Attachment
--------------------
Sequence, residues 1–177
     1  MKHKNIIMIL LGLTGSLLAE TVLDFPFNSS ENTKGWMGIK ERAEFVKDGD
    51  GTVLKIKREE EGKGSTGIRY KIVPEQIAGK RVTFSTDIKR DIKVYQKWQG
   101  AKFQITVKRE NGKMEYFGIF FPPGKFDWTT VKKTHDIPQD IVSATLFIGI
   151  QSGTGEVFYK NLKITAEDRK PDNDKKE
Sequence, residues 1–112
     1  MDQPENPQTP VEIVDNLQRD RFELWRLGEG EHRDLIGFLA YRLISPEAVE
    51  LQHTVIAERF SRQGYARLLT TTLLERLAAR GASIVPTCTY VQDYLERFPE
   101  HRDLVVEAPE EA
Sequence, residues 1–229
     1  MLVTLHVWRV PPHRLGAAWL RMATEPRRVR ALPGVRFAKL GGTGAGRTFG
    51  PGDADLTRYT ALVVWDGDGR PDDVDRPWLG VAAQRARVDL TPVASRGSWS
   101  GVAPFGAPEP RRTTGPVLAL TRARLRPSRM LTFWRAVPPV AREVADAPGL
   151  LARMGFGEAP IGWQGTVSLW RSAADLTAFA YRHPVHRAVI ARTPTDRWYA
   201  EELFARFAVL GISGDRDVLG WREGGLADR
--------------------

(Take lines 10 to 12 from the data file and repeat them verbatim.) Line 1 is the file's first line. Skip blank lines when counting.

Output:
Sequence, residues 1–229
     1  MLVTLHVWRV PPHRLGAAWL RMATEPRRVR ALPGVRFAKL GGTGAGRTFG
    51  PGDADLTRYT ALVVWDGDGR PDDVDRPWLG VAAQRARVDL TPVASRGSWS